Crime Fight Rages on as Police Seeks UGX15.2Bn to Roll-Out Biometric System

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Naguru – The Police Director in charge of Operations, c has revealed that the force requires UGX15.2 billion to be able to roll out the Criminal Automated Biometric Identification System(CABIS) throughout the country.

The CABIS is a system that allows for processing, editing, searching, retrieving, and storing fingerprint, palm print, face and iris images and subject records.

Speaking during a function to commission the forensic capabilities under the national CCTV project at Police headquarters in Naguru on Thursday, AIGP Ochom said there is need to keep track of repeat offenders, noting that the CABIS system would be of great use.


“The CABIS system will need to be rolled out countrywide in all the 161 policing divisions and districts at a cost of shs95 million per policing division or district. This also includes the acquisition of the livescan and set up the prerequisite work environment,”Ochom said.

“The consumables for the forensic DNA capabilities will also need to be budgeted for adequately to ensure that these capabilities don’t go to waste.”

The Police operations director however noted that the system has so far been installed in 14 police divisions in the Kampala Metropolitan Area to assist in suspect profiling at INTERPOL for processing police clearances and certificates of good conduct especially for those going for work abroad.

According to police, the DNA capabilities will also be developed to complement the Criminal Automated Biometric Identification System.

The system will work in such a way that the criminal’s name, picture, fingerprint, DNA and iris are captured and in case of any arrest of participating in another crime, the repeat offender is easily identified.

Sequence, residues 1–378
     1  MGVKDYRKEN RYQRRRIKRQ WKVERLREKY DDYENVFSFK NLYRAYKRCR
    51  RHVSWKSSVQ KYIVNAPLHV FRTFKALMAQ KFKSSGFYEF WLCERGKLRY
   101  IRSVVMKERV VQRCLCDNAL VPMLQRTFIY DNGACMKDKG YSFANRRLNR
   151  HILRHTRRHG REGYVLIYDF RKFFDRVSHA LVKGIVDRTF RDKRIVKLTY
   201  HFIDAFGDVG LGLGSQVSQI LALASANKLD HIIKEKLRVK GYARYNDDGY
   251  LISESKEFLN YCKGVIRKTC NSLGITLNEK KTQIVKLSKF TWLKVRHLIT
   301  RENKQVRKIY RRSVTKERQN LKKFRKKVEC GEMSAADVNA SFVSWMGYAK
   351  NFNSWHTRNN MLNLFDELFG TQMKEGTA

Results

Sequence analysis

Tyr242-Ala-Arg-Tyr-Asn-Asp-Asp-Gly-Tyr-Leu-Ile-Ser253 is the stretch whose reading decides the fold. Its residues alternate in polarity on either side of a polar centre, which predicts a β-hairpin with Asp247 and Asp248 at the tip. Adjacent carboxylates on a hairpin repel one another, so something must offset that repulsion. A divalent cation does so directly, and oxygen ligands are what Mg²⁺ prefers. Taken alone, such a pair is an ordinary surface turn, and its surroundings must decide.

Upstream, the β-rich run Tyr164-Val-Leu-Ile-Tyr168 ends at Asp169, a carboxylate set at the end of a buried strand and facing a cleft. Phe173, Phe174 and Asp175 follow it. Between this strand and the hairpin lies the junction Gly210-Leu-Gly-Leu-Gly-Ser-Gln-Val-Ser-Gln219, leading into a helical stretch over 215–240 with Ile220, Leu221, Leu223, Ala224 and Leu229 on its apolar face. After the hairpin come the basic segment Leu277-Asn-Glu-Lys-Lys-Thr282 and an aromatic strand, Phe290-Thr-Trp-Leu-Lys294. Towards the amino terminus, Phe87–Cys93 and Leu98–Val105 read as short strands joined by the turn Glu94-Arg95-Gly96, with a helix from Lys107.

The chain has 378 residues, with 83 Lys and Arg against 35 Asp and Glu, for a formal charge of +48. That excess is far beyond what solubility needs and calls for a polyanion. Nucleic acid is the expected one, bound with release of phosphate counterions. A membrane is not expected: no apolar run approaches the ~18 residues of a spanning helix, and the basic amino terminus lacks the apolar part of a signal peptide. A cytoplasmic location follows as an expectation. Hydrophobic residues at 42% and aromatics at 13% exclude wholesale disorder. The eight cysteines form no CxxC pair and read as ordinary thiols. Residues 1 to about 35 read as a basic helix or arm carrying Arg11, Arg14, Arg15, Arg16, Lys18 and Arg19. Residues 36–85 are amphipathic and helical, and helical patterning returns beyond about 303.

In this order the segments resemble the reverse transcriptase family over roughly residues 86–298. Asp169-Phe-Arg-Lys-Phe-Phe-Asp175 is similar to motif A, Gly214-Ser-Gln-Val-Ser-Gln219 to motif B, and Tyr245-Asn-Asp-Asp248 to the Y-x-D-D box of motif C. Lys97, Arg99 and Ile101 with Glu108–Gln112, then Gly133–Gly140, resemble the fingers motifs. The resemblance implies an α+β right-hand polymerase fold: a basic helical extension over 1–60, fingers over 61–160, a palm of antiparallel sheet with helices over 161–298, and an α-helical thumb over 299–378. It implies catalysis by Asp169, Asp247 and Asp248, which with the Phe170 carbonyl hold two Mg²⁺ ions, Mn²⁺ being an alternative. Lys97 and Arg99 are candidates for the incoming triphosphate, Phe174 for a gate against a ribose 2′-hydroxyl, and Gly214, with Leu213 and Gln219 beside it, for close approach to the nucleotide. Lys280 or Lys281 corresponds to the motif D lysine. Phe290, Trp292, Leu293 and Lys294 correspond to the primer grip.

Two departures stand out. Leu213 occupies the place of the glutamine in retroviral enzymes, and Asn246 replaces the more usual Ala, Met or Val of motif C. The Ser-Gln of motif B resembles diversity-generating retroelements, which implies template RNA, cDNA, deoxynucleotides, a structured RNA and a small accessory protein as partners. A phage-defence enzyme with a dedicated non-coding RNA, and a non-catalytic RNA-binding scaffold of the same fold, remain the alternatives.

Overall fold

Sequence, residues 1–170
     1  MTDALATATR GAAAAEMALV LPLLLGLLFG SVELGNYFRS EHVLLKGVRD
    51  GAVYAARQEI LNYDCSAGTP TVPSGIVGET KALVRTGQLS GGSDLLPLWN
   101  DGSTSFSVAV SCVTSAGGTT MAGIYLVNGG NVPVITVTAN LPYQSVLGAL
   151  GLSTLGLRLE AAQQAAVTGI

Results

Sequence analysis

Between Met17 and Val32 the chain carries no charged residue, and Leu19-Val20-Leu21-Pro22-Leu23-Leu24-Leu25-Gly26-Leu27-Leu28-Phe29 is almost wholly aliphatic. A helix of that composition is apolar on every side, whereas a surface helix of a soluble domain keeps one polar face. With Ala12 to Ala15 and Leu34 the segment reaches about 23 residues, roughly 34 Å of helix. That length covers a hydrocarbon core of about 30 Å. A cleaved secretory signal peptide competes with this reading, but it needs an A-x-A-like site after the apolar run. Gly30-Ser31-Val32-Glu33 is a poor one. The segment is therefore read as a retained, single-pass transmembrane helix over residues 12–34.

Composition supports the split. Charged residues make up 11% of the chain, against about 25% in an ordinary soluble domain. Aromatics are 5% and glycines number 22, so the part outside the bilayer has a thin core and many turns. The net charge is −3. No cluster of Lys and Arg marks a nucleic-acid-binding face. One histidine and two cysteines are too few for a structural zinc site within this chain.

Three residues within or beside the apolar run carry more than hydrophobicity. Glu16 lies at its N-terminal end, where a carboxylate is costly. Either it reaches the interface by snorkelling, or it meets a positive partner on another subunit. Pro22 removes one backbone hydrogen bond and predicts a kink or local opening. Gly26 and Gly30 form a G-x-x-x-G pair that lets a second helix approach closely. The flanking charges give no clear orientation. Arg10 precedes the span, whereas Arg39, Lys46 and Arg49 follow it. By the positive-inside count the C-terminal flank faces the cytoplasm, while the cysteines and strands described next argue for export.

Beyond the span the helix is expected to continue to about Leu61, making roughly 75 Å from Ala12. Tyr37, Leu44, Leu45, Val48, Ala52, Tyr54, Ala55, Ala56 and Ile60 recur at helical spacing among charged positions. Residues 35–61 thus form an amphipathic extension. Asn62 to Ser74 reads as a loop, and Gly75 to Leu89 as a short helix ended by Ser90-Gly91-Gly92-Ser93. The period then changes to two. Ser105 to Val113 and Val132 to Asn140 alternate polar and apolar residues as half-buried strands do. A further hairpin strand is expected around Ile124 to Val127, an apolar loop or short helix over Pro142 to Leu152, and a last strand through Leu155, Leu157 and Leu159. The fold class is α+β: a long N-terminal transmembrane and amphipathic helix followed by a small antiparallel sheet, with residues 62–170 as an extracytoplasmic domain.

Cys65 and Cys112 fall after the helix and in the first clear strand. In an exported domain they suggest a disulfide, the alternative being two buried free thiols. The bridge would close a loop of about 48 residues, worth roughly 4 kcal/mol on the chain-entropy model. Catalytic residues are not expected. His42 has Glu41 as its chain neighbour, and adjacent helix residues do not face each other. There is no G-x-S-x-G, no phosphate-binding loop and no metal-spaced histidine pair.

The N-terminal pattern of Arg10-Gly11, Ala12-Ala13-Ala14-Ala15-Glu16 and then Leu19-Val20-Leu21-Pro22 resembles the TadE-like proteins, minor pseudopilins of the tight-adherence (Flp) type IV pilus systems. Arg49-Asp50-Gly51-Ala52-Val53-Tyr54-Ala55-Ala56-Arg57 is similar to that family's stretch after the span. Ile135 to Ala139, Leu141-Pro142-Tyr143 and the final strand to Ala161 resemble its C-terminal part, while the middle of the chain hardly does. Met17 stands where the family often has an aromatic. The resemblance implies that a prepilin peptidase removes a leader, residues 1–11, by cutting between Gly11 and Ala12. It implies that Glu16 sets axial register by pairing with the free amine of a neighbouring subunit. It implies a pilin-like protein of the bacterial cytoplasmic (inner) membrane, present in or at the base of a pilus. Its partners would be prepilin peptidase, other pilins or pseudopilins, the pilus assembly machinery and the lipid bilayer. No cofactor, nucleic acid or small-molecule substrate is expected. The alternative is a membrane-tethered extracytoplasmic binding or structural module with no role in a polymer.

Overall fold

The deputy Inspector General of Police, Maj Gen. Paul Lokech said the police management is committed in building a modern and professional force in the country while dealing with crime.

“Our major focus as the Police management is to rebuild and transform the Uganda Police Force into a modern, professional, service-oriented, pro-people and effective institution. Key among the challenges has been the capacity gaps in terms of use of robust scientific methods of intelligence gathering and crime investigation the application of robust scientific methods such as these commissioned will enhance capacity to investigate transnational crimes, cybercrimes, trafficking in drugs and persons, human sacrifice, trading in wildlife and their products, environmental-related crimes, proliferation of small arms and light weapons,”Lokech said.

He noted that the use of science in modern policing is key to investigations globally, adding that the force is now proud to have a directorate of Forensics Services that will spearhead the application of science in helping to deal with crime.

The Principal Judge, Dr.Flavian Zeija, who was the chief guest at the function, noted that the Directorate of Forensic Services is of great use to the force in terms of fighting crime whose face he said is always changing.

“The facility (the laboratory) will not only support a speedy investigation but also improve the conviction rates in courts of law hence the need to invest more resources in it. Crime is becoming sophisticated and technology advancement keeps changing with time hence more training and investment in such machinery is needed,”Zeija said.

He urged the coordination and integration of data between the Police and other government institutions like the National Identification and Registration Authority(NIRA),courts and office of the DPP .

The developments underscore President Museveni’s call to police to use science and technology to help in fighting crime in the country.

The president has since directed for installation of CCTV cameras in all cities, municipalities, major towns and major highways around the country under the safe city project.

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